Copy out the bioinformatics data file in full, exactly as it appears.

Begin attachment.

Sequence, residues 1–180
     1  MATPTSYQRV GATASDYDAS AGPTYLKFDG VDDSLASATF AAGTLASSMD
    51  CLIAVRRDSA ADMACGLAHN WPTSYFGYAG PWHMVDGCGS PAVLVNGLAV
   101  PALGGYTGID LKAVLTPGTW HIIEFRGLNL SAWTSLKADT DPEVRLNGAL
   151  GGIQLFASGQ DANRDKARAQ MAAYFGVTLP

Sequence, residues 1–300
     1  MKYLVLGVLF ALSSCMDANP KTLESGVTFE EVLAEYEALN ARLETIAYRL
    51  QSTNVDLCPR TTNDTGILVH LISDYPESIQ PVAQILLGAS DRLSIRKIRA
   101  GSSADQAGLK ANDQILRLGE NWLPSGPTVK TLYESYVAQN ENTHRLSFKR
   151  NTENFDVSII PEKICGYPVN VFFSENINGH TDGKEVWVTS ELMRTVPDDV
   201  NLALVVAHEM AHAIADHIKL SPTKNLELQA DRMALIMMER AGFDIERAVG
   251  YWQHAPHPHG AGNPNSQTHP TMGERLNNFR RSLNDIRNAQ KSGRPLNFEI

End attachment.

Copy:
Sequence, residues 1–180
     1  MATPTSYQRV GATASDYDAS AGPTYLKFDG VDDSLASATF AAGTLASSMD
    51  CLIAVRRDSA ADMACGLAHN WPTSYFGYAG PWHMVDGCGS PAVLVNGLAV
   101  PALGGYTGID LKAVLTPGTW HIIEFRGLNL SAWTSLKADT DPEVRLNGAL
   151  GGIQLFASGQ DANRDKARAQ MAAYFGVTLP

Sequence, residues 1–300
     1  MKYLVLGVLF ALSSCMDANP KTLESGVTFE EVLAEYEALN ARLETIAYRL
    51  QSTNVDLCPR TTNDTGILVH LISDYPESIQ PVAQILLGAS DRLSIRKIRA
   101  GSSADQAGLK ANDQILRLGE NWLPSGPTVK TLYESYVAQN ENTHRLSFKR
   151  NTENFDVSII PEKICGYPVN VFFSENINGH TDGKEVWVTS ELMRTVPDDV
   201  NLALVVAHEM AHAIADHIKL SPTKNLELQA DRMALIMMER AGFDIERAVG
   251  YWQHAPHPHG AGNPNSQTHP TMGERLNNFR RSLNDIRNAQ KSGRPLNFEI